Rainer Maria Rilke
If it be a point of humanity for man to bring health and comfort to man, and especially to mitigate and assuage the grief of others, and by taking from them the sorrow and heaviness of life to restore them to joy, that is to say, to pleasure, why may it not then be said that nature does provoke every man to do the same to himself?
we need a mass of ancestors at our backs as ballast. Sometimes, we feel it's impossible to push into the future without such a weight behind us, without such heaviness to keep us steady, even if it is imaginary. And the more frightening the future is, the more complicated it seems to be, the more we steady ourselves with the past.
Ramon Ramon is a riot. Totally paranoid, gangsta detective. Been reading it with my girlfriend on study breaks and it always gives us a good laugh. Not usually into fiction, but i've been giving this a shot as recommended. With all the heaviness this is relief in its lightness. Go get em Ramon.
Whenever humanity seems condemned to heaviness, I think I should fly like Perseus into a different space. I don't mean escaping into dreams or the irrational. I mean that I have to change my approach, look at the world from a different perspective, with a different logic and with fresh methods of cognition and verification. (Terence sent me this quote the other day. A good battle cry, I believe... and one I wholeheartedly respect.)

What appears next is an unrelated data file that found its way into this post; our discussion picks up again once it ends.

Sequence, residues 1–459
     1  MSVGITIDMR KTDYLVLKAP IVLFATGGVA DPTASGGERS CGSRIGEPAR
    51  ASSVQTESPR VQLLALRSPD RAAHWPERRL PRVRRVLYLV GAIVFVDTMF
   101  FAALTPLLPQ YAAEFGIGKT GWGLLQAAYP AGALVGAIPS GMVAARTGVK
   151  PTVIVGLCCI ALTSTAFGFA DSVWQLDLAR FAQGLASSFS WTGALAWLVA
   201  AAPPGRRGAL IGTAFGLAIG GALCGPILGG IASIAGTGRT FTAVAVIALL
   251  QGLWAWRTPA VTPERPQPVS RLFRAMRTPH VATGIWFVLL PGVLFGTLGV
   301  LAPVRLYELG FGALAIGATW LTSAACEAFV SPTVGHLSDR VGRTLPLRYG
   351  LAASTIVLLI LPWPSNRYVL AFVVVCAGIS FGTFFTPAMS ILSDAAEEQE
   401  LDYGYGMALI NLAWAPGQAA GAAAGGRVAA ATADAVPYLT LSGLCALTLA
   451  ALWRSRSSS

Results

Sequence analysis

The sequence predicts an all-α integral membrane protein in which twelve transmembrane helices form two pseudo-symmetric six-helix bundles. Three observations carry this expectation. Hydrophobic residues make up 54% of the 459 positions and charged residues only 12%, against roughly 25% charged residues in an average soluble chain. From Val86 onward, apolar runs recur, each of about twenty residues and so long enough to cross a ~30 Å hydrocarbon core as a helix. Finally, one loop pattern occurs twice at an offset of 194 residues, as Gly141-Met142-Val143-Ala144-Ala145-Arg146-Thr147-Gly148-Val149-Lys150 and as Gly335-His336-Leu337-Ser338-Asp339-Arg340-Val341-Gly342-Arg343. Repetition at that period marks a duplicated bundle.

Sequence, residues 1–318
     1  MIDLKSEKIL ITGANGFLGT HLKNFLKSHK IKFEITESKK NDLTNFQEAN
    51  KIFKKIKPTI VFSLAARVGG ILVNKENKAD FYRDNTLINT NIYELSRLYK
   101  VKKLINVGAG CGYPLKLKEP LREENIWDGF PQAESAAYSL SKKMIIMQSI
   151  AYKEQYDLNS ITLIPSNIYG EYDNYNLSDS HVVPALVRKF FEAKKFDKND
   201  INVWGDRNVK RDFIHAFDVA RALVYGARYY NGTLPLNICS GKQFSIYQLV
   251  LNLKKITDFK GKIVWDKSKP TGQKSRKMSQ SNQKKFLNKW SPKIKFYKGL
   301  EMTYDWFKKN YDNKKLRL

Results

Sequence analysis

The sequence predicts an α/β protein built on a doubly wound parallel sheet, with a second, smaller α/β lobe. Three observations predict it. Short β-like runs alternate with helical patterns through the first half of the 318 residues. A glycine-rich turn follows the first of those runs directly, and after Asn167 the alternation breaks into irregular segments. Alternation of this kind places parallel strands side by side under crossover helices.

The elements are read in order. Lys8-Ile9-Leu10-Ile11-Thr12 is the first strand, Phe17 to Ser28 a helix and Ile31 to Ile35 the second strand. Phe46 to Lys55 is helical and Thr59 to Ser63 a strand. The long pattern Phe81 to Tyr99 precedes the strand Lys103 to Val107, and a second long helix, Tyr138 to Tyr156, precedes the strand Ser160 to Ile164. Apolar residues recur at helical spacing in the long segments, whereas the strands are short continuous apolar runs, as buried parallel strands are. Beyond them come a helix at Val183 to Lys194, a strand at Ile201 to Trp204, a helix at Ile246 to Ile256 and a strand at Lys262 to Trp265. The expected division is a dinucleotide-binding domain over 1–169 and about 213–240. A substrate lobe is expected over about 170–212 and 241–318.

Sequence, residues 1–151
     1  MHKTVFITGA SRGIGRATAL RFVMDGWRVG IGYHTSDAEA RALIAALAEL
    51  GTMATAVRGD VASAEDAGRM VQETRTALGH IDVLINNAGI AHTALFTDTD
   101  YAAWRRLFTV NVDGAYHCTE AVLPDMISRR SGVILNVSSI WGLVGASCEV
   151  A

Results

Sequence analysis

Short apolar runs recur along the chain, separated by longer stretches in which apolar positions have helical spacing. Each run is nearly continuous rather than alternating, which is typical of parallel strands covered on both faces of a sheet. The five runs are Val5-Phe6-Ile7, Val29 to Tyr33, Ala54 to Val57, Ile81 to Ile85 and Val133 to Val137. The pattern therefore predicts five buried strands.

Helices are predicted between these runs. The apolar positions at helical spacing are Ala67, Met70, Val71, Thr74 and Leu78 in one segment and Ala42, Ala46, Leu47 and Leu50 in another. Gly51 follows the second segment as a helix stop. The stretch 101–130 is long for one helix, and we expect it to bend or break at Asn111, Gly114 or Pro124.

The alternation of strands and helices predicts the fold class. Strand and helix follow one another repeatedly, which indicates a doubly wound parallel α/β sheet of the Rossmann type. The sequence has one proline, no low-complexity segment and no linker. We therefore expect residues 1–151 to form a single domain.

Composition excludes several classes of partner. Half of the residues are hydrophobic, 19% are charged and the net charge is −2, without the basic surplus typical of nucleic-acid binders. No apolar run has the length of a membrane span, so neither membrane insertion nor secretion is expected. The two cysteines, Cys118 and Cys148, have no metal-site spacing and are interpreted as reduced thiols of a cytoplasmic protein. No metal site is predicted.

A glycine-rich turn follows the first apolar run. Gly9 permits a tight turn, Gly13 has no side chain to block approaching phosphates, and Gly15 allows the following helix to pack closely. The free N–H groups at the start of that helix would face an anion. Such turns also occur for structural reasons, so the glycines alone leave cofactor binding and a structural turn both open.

Anyone who has actually been that sad can tell you that there's nothing beautiful or literary or mysterious about depression. Depression is like a heaviness that you can't ever escape. It crushes down on you, making even the smallest things like tying your shoes or chewing on toast seem like a twenty-mile hike uphill. Depression is a part of you; it's in your bones and your blood.
Do you love this world? Do you cherish your humble and silky life? Do you adore the green grass, with its terror beneath? Do you also hurry, half-dressed and barefoot, into the garden, and softly, and exclaiming of their dearness, fill your arms with the white and pink flowers, with their honeyed heaviness, their lush trembling, their eagerness to be wild and perfect for a moment, before they are nothing, forever?